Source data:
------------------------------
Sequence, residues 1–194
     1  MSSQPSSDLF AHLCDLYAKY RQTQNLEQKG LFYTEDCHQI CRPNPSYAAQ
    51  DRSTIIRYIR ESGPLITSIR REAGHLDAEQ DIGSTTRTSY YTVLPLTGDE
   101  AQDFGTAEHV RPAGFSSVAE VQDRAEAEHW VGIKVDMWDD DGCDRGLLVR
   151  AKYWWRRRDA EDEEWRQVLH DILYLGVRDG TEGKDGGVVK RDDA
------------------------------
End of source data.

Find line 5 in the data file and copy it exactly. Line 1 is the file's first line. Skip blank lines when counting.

   151  AKYWWRRRDA EDEEWRQVLH DILYLGVRDG TEGKDGGVVK RDDA